On the 25th the strikes and demonstrations in Petrograd had increased in scale once again, with a reported 240 000 workers participating. Armed encounters began to ensue with police, resulting in a small number of deaths and injuries on both sides. The soldiers, however, continued to refrain from using their weaponry on the workers.

In the very early morning of the 26th a number of worker leaders were arrested. Five of them were high profile Bolsheviks. After three days of hesitating, Tsar Nicholas II had finally ordered an offensive. Soldiers were now ordered to shoot demonstrators, and in one instance they did - 40 workers were killed by a training squad of the Pavlovski regiment. In response to this atrocity, workers approached the Pavlovski barracks to demand solidarity from the other soldiers. In the evening of the 26th, soldiers from the Pavlovski regiment of the Imperial Guard mutinied in protest of the massacre carried out by their training squad. Most of the mutineers were arrested, but weapons went missing. With this, the scene was set for the final day of the Revolution.

By four in the morning on the 27th the Volynsky regiment mutinied. Soon enough a number of other regiments revolted, bringing up to 60 000 soldiers of the Petrograd Garrison over to the side of the revolution. Before nightfall, workers and revolutionary soldiers went on to take over control of most of Petrograd, encountering what turned out to be futile resistance from the police and some sections of the army along the way. Although the revolution started and was eventually completed in Petrograd, a number of other major Russian cities and towns also experienced strikes, demonstrations and the exertion of people’s control over the five days. Ultimately the revolution was conducted by ordinary workers and soldiers in a very short space of time, taking the Tsarist regime by surprise. Also caught somewhat unawares by the rapid procession of events were the leaderships of the various revolutionary parties, the Bolsheviks included. Although the February Revolution is best understood as truly a “revolution from below”, conducted and directed by ordinary working people, the groundwork for the revolution was laid by the organising efforts and agitational work of primarily the Bolsheviks. Ever since the failed attempt in 1905, worker leaders and revolutionists had been working in preparation for the “second revolution”.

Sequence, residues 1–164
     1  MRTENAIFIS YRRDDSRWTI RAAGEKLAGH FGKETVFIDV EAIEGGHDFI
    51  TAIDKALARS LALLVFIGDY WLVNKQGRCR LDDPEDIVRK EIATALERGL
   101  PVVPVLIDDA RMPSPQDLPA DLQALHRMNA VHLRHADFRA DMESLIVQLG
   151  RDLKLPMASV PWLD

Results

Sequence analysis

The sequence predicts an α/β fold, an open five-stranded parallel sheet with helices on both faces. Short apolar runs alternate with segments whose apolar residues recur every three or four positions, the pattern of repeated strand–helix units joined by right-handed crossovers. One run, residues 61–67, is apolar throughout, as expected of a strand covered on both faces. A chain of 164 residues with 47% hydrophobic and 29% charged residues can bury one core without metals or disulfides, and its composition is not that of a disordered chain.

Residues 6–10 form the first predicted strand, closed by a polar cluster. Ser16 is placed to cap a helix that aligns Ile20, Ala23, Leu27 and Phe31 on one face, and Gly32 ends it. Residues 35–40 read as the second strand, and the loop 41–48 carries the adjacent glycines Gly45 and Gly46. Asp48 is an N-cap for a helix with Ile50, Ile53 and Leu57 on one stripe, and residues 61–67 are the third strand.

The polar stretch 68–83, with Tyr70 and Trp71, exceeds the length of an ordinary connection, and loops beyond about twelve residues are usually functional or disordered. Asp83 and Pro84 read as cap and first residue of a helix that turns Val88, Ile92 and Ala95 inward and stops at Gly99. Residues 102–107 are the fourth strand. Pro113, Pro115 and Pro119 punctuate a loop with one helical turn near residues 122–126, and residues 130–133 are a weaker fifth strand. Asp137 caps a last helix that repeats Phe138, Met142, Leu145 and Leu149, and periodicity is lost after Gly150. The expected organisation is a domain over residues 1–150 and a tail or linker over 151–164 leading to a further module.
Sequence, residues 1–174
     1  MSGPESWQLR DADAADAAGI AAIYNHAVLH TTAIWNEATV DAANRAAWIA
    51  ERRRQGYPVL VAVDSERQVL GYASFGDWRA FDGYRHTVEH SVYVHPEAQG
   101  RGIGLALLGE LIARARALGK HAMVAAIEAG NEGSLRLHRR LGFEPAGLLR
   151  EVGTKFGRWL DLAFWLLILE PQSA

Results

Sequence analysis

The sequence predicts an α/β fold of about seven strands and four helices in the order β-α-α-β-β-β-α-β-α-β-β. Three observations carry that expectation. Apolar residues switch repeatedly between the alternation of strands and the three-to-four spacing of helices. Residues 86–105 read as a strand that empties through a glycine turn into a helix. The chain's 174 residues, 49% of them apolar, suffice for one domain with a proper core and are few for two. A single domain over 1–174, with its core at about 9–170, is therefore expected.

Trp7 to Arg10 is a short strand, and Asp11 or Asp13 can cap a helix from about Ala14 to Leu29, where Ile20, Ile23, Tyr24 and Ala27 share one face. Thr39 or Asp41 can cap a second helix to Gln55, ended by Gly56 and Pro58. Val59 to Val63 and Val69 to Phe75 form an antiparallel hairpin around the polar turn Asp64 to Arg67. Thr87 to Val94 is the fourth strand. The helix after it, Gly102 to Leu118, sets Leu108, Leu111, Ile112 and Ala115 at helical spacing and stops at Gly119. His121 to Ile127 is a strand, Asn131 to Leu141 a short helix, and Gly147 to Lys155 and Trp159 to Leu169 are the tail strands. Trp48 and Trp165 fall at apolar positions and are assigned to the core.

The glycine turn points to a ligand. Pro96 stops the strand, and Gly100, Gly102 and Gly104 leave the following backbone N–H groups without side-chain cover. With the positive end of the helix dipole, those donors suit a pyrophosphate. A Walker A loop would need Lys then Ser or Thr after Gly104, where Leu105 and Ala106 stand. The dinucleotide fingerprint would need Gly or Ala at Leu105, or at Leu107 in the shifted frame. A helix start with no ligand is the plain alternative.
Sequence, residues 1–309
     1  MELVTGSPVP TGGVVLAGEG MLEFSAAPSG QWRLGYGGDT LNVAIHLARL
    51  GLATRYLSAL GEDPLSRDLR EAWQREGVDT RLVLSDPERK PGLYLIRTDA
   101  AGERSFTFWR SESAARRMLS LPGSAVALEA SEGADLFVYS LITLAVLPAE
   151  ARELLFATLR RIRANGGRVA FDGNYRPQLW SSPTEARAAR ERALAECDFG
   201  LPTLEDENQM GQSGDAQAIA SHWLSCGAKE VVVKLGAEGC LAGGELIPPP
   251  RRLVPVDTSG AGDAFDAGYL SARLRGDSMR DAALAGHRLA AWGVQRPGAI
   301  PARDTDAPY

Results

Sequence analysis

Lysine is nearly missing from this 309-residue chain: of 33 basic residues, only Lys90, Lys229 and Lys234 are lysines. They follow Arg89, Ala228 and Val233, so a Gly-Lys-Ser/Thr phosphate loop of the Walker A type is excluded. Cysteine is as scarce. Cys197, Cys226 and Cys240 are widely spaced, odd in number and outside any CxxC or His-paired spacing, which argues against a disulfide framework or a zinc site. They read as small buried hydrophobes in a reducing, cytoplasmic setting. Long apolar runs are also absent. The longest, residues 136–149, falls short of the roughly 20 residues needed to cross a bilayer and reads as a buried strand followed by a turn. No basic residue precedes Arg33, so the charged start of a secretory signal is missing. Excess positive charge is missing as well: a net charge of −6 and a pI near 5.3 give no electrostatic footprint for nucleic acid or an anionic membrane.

After the February Revolution

The Tauride Palace was turned into the general headquarters of the revolution and went on to house the Provisional Government after Tsar Nicholas II eventually abdicated on 2 March 1917. Although the February Revolution did away with the autocracy, it was the bourgeoisie and petty-bourgeoisie that stepped into legal power in the form of the Provisional Government. But workers were organised into soviets (or workers committees) which retained a powerful political position after the February Revolution. The Provisional Government, which was constituted of socialists, liberals and aristocrats left over from the Tsarist regime’s Duma, was then overthrown by the Bolshevik party with the support of the working masses in the soviets later that year. This has become known as the October Revolution.

End Notes

[1] We have used these dates so as not to confuse the reader when talking about the February Revolution. The historical records of the revolution are all documented under the Julian Calendar. The Julian calendar was replaced with the Gregorian calendar after the "October Revolution" but historians continue to refer to the two revolutions in relation to the months in which they occurred under the old calendar.

[2] “Petrograd” was Russia’s capital city at the time. It was called “St. Petersburg” before the Tsar changed its name to “Petrograd” in 1914. “Petrograd” was then changed to “Leningrad” after the October Revolution at the end of 1917. When the Soviet Union was dissolved in 1991 the name was then changed back to “St. Petersburg”.